I have to say, the best thing I did when I retired was to buy a camera with a super zoom lens. You can get up close and personal with nature, and that is SO MUCH FUN. (42 times zoom!)
Now, having said that, I have to add that most of my Minnesota pictures are taken through my kitchen window. Through my (sometimes) dirty kitchen window. I know it negates some of the advantages of having a good lens, but that’s just the way it is.
Tuesday of this week was a great birding day, out my kitchen window in our flowering crab tree. I have seen some Baltimore Orioles in the neighborhood, and I tried to lure them to my tree with some fresh orange. No Oriole, but I did get a pair of Catbirds. (You can see a bit of the rusty color underneath the tail of the bird on the left.)
A House Finch also stopped by for some orange, and to just look pretty.
The same day we also had a female duck strolling towards the house. I don’t know what it is, but seeing a duck walk up the sidewalk always makes me laugh.
I had also been trying to lure the hummingbirds, and went through two batches of syrup and no hummer sighting. The syrup was being consumed at night, though, and after the second batch was gone, I brought the feeder in on Tuesday. No feeder, so of course a hummer came for a visit!
He loved our crab tree too, and it was in full bloom. Now, two days of rain later, it’s not so nice. I hope he comes back anyway!
I posted this photo a few days ago, and I didn’t know what kind of bird it was. I thought maybe a red-shouldered hawk, but the details weren’t quite right. A couple of friends had thought maybe a Cooper’s hawk or a red-tailed hawk. I contacted a birder, and he thought maybe a broad-shouldered hawk or a red-shouldered hawk, but said it was difficult with juveniles. A reader/internet friend suggested a sparrow hawk. Obviously, his identification is not obvious!
Well. My neighbor put a photo on Facebook, and identified it as a Prairie Falcon. I looked up some photos, and Patti, I think you’re right! They are considered rare in this part of Minnesota, as they are a western bird. I’m sure he was migrating and that’s why we got a look at him in April.
My design wall has been pretty much unchanged since a week ago, so I thought I would take you shopping with me for quilty things at the Des Moines AQS show.
We got back from the Des Moines show yesterday a little tired, a little poorer, but very glad we made the trip. I did some shopping for items that I have bought on line before, but it’s so much better to see in person.
King Tut thread. One of the longarm sales reps was stitching on black fabric with a variegated pastel. Gorgeous! I mostly quilt with poly-wrapped poly or poly-wrapped cotton, and sometimes with all cotton. Three cones of Superior’s King Tut went into my shopping bag (a jewel-toned variegated, a green variegated, and a nice neutral tan/taupe).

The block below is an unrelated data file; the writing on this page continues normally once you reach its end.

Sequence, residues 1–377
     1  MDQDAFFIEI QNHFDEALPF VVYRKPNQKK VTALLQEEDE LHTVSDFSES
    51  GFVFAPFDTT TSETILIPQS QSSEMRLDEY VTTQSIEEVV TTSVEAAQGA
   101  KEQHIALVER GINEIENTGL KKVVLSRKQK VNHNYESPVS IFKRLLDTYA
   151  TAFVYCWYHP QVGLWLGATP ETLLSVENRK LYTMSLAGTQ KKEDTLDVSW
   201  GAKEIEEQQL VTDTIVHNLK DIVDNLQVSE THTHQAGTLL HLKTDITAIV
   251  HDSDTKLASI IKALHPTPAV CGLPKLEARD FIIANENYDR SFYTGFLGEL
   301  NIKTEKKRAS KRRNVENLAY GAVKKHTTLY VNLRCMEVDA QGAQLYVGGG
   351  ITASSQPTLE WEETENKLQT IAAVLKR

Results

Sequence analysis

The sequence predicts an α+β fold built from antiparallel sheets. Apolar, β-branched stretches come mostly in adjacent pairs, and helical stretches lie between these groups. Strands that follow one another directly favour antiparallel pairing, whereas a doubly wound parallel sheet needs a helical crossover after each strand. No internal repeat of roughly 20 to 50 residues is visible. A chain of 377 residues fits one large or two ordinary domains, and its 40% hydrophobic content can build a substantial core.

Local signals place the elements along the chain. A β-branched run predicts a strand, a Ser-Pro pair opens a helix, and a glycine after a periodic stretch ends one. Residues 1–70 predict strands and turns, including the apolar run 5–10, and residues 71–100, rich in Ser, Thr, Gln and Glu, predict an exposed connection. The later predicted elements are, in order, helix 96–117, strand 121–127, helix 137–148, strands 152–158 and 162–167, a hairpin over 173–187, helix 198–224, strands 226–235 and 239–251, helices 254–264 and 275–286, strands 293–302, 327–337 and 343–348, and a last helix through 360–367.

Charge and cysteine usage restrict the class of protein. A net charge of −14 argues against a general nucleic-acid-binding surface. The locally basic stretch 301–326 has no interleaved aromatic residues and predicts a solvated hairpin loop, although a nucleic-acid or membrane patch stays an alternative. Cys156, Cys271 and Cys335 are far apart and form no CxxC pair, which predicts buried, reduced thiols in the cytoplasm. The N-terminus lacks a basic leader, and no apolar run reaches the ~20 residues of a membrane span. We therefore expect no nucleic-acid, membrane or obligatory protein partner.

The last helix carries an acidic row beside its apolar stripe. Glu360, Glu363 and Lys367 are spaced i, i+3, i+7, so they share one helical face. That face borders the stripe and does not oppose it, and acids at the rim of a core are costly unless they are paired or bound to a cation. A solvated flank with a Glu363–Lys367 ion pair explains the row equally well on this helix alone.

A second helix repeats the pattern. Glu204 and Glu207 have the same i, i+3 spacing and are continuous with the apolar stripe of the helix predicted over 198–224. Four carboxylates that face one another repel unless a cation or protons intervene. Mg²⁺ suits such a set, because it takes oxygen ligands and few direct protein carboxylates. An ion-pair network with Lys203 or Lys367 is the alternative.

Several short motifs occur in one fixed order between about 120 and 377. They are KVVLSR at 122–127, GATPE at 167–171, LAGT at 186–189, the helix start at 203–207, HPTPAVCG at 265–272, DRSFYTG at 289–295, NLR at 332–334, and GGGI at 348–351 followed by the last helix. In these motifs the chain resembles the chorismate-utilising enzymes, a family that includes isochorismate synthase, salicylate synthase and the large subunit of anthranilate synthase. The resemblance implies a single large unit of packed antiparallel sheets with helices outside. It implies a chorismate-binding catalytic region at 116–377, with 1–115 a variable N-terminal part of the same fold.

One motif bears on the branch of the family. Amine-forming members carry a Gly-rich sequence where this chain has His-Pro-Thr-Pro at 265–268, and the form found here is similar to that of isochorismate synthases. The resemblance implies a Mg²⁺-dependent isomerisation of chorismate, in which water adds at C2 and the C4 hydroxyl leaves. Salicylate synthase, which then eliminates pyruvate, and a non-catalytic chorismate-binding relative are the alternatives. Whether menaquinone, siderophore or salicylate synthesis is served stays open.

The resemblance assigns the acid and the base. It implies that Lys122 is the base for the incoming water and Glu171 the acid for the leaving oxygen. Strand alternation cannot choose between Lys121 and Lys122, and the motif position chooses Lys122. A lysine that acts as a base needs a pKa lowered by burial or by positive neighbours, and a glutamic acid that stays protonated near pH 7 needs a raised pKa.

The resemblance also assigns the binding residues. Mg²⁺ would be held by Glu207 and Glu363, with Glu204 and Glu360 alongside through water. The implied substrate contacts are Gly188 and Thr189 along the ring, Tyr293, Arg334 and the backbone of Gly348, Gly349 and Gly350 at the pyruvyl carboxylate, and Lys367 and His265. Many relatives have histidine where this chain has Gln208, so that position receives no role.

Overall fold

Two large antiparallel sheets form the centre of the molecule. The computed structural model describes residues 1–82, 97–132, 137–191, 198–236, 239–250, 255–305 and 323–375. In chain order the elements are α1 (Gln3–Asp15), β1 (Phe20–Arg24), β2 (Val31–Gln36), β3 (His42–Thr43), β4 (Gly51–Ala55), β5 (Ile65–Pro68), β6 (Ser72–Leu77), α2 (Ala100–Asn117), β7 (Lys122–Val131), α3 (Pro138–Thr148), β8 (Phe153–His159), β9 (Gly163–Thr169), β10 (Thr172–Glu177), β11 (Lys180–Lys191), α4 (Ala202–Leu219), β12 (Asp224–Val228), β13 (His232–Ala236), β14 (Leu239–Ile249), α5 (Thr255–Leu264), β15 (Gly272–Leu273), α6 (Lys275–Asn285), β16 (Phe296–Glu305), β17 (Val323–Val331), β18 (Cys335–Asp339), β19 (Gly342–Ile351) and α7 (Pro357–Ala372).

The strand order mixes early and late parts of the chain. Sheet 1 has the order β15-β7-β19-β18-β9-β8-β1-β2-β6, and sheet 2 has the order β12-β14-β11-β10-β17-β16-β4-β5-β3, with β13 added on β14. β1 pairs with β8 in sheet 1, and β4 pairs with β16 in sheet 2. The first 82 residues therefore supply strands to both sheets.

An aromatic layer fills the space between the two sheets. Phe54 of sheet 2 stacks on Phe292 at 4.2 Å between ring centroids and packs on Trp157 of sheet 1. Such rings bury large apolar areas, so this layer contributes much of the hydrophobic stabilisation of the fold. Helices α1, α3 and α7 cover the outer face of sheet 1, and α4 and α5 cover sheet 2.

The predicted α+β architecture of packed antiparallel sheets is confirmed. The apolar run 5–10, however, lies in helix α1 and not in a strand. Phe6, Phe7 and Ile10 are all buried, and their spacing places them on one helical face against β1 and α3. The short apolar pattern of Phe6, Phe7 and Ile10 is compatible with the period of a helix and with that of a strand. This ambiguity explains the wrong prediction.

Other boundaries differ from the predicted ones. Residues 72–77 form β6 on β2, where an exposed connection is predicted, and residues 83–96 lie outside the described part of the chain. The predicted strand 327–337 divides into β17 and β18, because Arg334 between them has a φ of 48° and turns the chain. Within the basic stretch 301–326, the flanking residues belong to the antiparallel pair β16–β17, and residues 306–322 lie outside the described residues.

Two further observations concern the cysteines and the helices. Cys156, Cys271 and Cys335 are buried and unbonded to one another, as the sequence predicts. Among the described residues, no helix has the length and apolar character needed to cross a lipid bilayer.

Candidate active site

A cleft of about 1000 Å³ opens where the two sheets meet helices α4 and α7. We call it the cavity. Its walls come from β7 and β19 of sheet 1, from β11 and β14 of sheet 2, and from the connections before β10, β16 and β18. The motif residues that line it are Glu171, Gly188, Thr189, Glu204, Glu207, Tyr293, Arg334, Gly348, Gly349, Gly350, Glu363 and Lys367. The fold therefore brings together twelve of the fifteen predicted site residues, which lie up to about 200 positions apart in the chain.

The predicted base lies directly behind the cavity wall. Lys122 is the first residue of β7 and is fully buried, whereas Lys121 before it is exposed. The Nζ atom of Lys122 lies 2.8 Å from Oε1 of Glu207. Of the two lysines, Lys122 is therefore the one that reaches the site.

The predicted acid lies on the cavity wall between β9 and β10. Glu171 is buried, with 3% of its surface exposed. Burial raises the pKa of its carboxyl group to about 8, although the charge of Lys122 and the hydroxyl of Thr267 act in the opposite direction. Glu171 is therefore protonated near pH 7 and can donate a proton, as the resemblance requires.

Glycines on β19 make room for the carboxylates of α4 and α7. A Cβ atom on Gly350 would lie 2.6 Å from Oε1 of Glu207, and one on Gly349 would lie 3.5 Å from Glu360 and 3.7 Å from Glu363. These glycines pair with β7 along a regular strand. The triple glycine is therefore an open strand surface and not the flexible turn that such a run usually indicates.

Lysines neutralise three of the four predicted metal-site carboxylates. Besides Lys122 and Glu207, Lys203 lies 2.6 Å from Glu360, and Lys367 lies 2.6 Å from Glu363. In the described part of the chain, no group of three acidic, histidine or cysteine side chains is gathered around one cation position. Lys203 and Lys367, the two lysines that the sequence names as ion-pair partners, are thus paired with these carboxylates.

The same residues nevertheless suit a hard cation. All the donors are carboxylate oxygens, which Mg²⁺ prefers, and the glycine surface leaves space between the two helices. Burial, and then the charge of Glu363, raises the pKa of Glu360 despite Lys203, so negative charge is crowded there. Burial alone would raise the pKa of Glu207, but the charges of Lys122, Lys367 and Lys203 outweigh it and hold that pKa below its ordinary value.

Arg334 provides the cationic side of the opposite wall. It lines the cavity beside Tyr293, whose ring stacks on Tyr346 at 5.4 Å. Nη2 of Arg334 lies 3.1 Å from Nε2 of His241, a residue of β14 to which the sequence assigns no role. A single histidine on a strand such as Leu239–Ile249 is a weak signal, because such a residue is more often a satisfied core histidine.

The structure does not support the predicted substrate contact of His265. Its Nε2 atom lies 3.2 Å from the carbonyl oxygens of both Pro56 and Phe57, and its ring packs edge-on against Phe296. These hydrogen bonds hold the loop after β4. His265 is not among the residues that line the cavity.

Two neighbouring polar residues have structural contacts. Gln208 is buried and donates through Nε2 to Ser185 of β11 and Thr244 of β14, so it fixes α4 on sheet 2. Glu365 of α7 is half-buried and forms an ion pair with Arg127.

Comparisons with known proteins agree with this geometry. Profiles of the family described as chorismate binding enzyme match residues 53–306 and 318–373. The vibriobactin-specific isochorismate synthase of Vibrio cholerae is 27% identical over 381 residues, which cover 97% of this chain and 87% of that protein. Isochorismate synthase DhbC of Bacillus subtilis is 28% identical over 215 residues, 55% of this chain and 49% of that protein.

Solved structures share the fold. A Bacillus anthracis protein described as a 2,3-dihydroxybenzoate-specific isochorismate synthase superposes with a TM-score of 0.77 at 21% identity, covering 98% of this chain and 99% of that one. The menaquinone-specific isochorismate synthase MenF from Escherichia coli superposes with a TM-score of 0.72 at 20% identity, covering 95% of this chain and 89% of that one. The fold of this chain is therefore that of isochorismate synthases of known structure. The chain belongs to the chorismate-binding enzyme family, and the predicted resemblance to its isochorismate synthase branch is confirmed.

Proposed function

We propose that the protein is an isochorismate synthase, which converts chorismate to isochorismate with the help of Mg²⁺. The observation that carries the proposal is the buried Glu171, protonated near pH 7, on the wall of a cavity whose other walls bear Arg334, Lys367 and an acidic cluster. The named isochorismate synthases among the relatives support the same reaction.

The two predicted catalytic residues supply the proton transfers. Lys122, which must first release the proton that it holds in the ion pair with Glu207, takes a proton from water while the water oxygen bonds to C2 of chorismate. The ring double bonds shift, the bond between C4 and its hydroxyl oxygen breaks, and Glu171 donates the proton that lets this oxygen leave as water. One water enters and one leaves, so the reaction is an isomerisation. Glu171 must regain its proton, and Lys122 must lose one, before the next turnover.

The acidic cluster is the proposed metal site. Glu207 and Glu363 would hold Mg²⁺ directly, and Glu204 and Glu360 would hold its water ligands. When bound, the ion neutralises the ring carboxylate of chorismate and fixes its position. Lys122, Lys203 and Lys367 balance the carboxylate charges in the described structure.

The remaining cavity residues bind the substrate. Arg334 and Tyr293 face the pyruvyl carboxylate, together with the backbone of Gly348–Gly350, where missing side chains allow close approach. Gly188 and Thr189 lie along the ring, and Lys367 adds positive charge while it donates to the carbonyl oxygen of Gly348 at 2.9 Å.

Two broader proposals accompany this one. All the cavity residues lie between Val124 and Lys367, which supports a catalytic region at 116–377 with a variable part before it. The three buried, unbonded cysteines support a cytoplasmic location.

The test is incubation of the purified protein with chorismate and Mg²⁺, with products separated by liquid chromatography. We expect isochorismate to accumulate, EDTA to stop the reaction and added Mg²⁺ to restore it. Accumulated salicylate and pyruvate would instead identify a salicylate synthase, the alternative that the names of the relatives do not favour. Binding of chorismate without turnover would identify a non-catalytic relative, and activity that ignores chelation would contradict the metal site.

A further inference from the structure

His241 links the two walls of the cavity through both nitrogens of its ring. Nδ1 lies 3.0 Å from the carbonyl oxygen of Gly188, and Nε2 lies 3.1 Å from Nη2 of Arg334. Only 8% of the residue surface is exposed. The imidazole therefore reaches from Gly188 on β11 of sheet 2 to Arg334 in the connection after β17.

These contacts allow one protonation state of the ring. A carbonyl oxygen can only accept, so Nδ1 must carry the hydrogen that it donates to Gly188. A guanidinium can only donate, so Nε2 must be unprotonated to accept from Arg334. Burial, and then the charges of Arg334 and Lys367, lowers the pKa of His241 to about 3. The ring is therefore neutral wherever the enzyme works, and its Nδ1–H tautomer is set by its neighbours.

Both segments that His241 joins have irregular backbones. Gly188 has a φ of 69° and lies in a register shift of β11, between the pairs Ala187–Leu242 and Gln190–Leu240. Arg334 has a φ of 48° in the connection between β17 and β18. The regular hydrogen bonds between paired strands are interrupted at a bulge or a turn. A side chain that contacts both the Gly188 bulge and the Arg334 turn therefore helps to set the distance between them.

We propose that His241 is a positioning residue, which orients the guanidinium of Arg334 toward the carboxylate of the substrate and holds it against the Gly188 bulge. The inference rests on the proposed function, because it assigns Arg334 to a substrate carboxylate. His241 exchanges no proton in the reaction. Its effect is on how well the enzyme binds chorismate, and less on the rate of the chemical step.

Golden Threads pantos. I haven’t added any pantos to my collection for a long time, and this was my opportunity to see the true scale and density of each pattern in person. I bought four: 1) Iron Gate by Keryn Emmerson (my fave designer); gender neutral design, quite open. 2) Decaf by Sue Patten; tighter flowy pattern of ferns. 3) My Favorite Leaves (5″) by Judy Allen; leaves and loops, looser design, really pretty. 4) Clover Meadow by Keryn Emmerson; clovers, medium density, looks really fun to sew.
Sewline Fabric Glue Pen. A pen housing an approx 1/4″ wide stick of fabric glue. The store clerk said it worked well for basting English paper piecing, and said it didn’t leave a residue or stiffness. I am going to try it on my GFG quilt…we’ll see.
TQM Products. Susan Brown owns TQM Products, and they make a couple of pretty nifty rulers. (Disclosure: Susan is a FaceBook friend of mine, although I hadn’t met her before, and she was so generous as to give me a couple of her rulers.) One ruler you have maybe seen before; it’s for efficiently and quickly cutting bias binding. The second ruler assists you in sewing your final binding join in a nice diagonal seam. I join my binding that way, but I have my own cumbersome made-up way of doing it. I am excited to try Susan’s little ruler. A big plus to her rulers: she has the instructions on how to use them printed right ON THE RULER. Smart.
Miscellaneous stuff: FQs of silk shantung for some whole-cloth experimenting (yummy!); We spent a LOT of time in Lori Smith’s booth. I bought a pattern I may just drool over and never make, but I love it, “Chocolate: A Sampler Quilt“.
Wool! Wool is big this year, and I’ve avoided it in the past like the plague. Really. Til now. I bought a couple of kits so I just need to buy some floss (probably), and hopefully have NOTHING LEFT OVER. I am not going to go down that wooly path — well, maybe just a few steps, then I will turn right around and be a regular wovens quilter!
In the last week or so, the robins (and the occasional cedar wax wing) have been FEASTING in our little crab apple tree. I’ve wasted spent a lot of time shooting birdie pictures through the glass. A sample:
Wasn’t that fun? We’ll have to go shopping together again sometime. Be sure to visit Judy Laquidara’s Patchwork Times to check out what other quilters are doing.
by Sue Hecker — Maker, Traveler, Photographer, Mother & Wife, Lover of Life